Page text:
For all its wealth of well-researched detail, Savage or Civilised? Manners in Colonial Australia by Penny Russell is a subtle book. It opens with mention of Norbert Elias’s notions of manners and power, and this theme underpins the history. The reader isn’t hit over the head with discussions of power, but the reality of the turbulent colonial period is evident. Power was constantly shifting and with it identity, social status and security.
Manners expressed these shifting power relations and people’s discomfort with the uncertainty of the time.
Penny Russell uses individual stories to explore the changing realities and the raw expressions of power that manners attempted to both sugarcoat and validate – the dispossession of Indigenous people from their land, the harsh lives of convicts (slave labour), the fortunes made and lost. The result is an interesting and very readable account of the Australian colonial experience.
I like the acknowledgement that manners went beyond behaviour to be tangibly expressed in clothing. Thus, costume was a major signifier of social position and of threats to the status quo — something Penny Russell discusses on the goldfields and in ladies’ cycling costumes and the new etiquette of that technology.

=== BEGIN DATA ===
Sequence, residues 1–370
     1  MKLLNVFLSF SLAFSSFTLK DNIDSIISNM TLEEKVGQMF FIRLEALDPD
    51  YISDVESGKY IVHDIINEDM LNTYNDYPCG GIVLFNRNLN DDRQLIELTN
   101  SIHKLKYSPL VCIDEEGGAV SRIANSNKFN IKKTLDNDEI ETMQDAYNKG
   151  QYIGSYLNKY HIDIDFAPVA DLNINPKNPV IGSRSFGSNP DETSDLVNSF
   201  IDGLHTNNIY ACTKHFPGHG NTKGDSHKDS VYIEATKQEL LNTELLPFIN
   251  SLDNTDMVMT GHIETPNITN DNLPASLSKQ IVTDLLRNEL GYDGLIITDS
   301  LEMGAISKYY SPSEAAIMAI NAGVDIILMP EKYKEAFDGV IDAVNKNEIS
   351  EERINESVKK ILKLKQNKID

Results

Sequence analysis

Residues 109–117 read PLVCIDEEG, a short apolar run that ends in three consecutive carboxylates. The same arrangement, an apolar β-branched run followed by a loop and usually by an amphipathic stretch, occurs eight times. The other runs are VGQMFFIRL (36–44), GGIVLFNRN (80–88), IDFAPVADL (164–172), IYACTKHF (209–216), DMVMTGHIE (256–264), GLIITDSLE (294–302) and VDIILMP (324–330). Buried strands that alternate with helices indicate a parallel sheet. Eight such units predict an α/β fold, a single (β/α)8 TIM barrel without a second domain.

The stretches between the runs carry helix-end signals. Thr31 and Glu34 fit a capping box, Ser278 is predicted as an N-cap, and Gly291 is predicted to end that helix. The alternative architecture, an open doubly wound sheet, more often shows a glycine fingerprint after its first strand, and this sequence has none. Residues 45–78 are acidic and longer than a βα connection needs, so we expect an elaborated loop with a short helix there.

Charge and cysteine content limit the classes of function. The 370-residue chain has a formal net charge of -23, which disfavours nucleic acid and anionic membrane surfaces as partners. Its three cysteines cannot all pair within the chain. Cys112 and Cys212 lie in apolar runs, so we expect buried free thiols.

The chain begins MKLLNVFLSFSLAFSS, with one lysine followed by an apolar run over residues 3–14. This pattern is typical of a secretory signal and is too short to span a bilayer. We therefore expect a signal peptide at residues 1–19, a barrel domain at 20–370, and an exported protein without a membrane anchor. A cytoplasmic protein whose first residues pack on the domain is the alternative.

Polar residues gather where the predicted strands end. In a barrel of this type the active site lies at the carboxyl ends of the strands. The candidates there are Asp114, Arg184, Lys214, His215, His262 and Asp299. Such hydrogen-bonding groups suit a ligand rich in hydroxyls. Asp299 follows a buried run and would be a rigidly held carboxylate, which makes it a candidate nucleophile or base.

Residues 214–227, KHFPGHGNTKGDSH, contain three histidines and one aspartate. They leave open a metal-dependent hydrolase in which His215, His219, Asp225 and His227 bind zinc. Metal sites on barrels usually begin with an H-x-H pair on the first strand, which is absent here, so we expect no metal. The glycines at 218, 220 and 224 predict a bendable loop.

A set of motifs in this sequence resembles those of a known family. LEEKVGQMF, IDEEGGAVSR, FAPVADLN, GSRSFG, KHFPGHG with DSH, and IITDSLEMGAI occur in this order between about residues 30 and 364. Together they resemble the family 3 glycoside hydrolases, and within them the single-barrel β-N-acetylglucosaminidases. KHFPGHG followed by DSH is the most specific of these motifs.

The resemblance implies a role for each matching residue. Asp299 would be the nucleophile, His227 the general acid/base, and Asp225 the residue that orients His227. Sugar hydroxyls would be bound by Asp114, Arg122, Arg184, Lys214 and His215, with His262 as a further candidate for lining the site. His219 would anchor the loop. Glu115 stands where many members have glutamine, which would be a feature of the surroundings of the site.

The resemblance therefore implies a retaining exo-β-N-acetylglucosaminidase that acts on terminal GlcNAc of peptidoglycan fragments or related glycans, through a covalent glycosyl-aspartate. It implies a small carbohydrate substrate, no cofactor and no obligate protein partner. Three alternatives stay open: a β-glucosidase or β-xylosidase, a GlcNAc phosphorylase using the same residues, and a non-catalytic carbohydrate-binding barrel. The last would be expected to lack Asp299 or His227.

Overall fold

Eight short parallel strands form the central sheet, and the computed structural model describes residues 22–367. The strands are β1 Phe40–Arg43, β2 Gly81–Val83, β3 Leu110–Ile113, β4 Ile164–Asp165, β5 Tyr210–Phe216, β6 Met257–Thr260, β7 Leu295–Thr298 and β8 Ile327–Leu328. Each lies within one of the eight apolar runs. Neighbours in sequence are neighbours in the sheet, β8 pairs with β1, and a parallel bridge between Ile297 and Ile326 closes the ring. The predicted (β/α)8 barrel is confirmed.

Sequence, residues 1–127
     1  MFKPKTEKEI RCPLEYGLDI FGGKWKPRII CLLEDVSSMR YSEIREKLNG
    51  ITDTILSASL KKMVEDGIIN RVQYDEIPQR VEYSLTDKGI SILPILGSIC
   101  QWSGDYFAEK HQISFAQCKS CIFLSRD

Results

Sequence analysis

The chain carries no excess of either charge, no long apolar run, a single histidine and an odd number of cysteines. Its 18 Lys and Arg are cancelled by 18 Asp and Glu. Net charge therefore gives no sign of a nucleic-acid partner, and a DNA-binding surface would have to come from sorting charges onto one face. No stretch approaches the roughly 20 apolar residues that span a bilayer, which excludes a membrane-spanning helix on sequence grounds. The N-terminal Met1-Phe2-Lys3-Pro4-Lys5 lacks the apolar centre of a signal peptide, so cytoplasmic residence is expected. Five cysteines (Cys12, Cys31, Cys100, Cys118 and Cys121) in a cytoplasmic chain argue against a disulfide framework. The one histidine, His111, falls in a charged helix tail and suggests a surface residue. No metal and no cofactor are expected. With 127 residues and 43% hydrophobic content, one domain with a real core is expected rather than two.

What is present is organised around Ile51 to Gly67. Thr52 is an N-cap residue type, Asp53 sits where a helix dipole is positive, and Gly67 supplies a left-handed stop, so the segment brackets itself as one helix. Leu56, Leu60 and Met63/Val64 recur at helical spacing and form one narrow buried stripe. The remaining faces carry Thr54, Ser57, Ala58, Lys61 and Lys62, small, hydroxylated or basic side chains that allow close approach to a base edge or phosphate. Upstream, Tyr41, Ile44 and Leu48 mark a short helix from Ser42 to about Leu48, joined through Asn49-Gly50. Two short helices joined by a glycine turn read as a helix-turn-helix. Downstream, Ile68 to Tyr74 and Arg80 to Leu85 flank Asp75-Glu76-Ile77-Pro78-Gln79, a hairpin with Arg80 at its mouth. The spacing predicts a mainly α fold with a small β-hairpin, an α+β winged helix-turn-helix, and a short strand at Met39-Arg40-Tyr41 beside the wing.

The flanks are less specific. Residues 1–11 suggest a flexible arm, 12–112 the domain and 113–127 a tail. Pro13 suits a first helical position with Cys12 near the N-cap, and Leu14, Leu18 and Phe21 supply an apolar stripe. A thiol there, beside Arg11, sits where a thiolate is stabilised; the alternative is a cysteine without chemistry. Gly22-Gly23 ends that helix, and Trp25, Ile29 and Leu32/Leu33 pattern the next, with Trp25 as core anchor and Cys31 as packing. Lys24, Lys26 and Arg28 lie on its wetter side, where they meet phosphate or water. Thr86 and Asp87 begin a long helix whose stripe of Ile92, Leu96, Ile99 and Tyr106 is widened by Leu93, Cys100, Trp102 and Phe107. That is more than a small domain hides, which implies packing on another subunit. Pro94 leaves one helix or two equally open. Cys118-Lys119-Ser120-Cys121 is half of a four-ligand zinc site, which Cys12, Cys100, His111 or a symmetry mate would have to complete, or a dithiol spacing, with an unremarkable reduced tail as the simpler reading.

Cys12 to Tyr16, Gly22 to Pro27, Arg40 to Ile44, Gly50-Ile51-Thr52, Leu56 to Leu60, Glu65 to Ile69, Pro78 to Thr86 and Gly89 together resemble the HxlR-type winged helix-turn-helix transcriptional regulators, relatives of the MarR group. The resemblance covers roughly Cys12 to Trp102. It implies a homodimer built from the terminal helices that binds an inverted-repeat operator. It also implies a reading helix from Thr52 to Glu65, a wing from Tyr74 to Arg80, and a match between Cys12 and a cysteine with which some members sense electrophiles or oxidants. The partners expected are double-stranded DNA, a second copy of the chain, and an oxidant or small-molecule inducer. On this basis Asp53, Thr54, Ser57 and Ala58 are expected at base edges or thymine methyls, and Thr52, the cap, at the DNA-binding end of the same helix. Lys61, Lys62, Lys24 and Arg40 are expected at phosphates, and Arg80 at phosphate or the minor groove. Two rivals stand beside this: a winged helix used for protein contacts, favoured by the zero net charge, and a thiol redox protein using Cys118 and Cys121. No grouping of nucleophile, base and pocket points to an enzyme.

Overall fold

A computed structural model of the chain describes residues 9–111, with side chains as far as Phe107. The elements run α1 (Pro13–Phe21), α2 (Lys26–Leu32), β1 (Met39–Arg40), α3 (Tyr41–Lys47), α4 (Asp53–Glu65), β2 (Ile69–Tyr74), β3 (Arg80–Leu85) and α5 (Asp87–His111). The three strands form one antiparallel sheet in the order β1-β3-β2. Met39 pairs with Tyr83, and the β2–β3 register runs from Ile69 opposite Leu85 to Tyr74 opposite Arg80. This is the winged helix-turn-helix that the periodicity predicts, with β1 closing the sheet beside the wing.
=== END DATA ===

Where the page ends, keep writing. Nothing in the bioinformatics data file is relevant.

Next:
She discusses the impact of transportation technologies on manners — whether ship, rail or trams. All presented challenges of association, and therefore, of privacy, distance and identity for their users.
I’d have liked some discussion of communication technologies’, such as telephones and telegrams, impact on manners and customs, especially since Penny Russell relies so heavily on older communication forms of letters, diaries and newspapers as her primary sources. How was the disruption of telephones dealt with by different parts of society? The party line sounds infamous as a source of gossip and nosiness when you read old novels.
The book is wide ranging in time and social groupings, but still its narrative is coherent and well argued. I enjoyed it.